Tuesday , 26 September 2017
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Talbiya, Jerusalem *

It is amazing how Arab farmland changed hands through the Greek Orthodox Church, prosperous Christian Arabs, European consulates and Israeli government institutions to become the high class of Jerusalem. Talbiya has quite a story. Wait for the movie!

Talbiya

Talbiya or Talbiyeh  (טלביה‎) is an upscale neighborhood in Jerusalem, located between Rehavia to the north, Old Katamon to the West, the German Colony to the south. Gan HaPa’amon and Yemin Moshe are to the east. The Greek Orthodox Church became the owner of a large portion of the land in Talbiya. All the European states and religions began to invest in Holy Land property in the 19th Century. This was slow colonization of the Ottoman Empire. The churches either bought historic Christian sites or new traditions were built around the property they bought.  The Greek Orthodox Church call the property that later became Talbiya “Nicophoria” for the Greek Orthodox priest who originally purchased the land from local farmers.

Talbiya
Photo: Sir kiss

Talbiyeh in the 19th Century

The neighborhood of Talbiyeh in the 19th century was a border area subject to attacks by bands of robbers and a place to send those who were mistakenly considered lepers. The insane were also institutionalized there.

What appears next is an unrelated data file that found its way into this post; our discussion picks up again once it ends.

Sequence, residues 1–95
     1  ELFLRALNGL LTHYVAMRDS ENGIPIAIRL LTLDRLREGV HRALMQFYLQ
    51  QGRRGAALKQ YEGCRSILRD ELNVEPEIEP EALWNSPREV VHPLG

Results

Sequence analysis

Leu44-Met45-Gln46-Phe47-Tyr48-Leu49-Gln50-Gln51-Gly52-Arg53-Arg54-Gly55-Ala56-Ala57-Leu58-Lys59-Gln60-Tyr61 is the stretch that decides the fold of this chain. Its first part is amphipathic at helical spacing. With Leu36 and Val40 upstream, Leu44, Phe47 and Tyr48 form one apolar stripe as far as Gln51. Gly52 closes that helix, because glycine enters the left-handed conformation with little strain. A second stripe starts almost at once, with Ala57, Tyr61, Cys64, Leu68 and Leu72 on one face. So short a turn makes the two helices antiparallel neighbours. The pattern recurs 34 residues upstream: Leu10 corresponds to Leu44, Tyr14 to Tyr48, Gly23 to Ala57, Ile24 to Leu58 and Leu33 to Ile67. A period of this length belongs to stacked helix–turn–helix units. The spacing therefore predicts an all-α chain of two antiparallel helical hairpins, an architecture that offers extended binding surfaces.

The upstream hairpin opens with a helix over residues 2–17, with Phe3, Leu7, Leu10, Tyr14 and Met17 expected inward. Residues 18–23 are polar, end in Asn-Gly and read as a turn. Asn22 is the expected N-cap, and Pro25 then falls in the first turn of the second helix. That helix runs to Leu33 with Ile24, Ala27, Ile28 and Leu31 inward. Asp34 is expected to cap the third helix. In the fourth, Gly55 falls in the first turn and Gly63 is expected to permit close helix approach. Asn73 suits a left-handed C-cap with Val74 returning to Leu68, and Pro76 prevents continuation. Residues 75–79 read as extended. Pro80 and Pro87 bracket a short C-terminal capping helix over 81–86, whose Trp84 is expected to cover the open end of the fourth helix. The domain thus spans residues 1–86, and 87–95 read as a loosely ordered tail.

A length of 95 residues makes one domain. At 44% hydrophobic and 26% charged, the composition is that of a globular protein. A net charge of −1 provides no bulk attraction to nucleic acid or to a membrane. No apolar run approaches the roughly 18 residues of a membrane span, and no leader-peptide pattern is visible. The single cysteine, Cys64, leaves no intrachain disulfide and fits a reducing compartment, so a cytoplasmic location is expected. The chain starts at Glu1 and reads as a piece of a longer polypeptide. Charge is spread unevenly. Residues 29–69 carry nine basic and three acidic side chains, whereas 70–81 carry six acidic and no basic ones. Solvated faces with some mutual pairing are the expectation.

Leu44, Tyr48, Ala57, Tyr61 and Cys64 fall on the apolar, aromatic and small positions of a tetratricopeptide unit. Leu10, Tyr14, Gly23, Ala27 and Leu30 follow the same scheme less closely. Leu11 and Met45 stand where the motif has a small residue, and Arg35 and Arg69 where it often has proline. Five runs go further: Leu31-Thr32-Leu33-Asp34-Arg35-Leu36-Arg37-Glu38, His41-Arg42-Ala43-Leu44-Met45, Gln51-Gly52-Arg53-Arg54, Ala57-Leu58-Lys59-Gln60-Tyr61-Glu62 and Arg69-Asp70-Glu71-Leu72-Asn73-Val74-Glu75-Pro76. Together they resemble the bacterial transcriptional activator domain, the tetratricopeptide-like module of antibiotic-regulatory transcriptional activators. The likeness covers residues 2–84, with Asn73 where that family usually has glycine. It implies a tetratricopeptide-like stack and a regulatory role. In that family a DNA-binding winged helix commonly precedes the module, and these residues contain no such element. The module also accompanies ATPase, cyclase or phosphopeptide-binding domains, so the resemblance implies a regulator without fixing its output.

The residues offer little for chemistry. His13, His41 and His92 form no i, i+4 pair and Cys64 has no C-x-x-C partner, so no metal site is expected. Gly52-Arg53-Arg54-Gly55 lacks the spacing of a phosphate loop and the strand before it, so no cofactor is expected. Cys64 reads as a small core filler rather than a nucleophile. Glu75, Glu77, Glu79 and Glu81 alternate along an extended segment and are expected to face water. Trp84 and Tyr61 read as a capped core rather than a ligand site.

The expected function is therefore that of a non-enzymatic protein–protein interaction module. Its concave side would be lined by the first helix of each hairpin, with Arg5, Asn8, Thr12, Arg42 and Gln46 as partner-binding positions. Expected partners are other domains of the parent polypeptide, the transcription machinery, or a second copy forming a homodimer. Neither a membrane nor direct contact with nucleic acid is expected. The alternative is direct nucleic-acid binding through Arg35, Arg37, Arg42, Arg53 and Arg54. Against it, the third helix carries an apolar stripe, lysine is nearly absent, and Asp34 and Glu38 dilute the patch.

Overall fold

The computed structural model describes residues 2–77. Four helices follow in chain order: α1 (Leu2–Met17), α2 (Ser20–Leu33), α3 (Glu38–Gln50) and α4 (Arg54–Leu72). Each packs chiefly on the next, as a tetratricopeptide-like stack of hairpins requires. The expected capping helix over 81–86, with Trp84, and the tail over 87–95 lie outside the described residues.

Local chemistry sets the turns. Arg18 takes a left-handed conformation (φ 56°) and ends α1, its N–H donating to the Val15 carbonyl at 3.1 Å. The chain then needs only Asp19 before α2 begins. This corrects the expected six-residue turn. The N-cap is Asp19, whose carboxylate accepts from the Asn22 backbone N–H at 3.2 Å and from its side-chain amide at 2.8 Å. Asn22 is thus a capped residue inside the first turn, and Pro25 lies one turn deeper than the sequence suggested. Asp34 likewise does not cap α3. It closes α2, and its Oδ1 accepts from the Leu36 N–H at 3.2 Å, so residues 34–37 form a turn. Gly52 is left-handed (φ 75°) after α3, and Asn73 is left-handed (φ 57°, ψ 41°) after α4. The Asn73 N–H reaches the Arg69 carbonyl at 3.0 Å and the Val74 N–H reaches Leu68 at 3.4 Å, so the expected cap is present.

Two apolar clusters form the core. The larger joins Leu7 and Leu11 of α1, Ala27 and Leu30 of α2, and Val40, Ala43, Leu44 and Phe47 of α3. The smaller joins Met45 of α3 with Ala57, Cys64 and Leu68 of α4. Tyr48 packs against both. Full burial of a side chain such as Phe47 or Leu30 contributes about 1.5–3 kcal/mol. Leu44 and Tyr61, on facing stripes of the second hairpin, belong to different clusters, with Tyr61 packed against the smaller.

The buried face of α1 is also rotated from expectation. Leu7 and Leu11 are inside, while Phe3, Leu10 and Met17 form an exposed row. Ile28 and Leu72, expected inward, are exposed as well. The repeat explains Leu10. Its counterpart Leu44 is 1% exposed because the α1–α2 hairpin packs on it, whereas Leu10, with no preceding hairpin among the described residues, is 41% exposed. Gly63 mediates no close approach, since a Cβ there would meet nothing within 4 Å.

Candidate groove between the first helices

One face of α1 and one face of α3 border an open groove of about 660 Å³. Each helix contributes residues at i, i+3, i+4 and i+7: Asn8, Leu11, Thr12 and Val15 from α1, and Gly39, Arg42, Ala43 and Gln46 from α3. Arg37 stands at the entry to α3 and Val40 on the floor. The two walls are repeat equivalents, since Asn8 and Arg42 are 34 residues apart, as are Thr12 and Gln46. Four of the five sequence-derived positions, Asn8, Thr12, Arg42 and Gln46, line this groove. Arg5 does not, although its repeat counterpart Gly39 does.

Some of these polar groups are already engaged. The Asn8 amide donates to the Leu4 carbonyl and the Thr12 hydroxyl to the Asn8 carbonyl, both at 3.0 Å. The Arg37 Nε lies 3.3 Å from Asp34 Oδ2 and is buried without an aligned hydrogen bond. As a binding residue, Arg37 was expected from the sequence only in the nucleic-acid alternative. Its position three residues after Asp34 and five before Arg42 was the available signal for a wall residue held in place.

The “Jesus Help” hospital (its original German name – Jesus Hilf) stands on Marcus Street near the Jerusalem Theater. The Hansen Hospital for skin diseases was planned by architect Conrad Schick. Hanson House was established in 1887. Hansen’s Disease, mistakenly confused with Biblical leprosy, was considered incurable in those days. Following independence in 1948, the institution went from the ownership of the Christian order to the Israeli government. Since then it has served as an outpatient clinic and housed the National Center for Hansen’s Disease.

In the 19th Century, James Finn, the British consul built his home in what became Talbiya. Some historians claim that Finn’s home was called “E-Talbiya”. Perhaps that is the source of the name of the neighborhood.

Talbiya

Photo: Sir kiss

Talbiya in the 20th Century

Following the Communist Revolution in Russia, pilgrims were no longer able to leave the USSR to come make pilgrimages to the Holy Land. The Greek Orthodox Church in Palestine lost its main source of income. The church decided to sell and/or rent its property. So after World War I, Constantine (Hana) Salameh, a native of Beirut, bought land in Talbiya from the Greek Orthodox Patriarchate. His idea was to build a prestigious neighborhood for Arab Christians from Bethlehem, Ramallah and Beit Jala. These Arabs were Catholic, Protestant, Greek Orthodox and Armenian – but there were no Moslems. Salameh built his own home and two apartment houses on Salameh Square, later renamed Orde Wingate Square. Except for the main road, Emir Abdullah Street (now Jabotinsky Street), mail was delivered to either Upper Talbiyeh or Lower Talbiyeh. Jews and Arabs lived here side by side up till the War of Independence in 1948.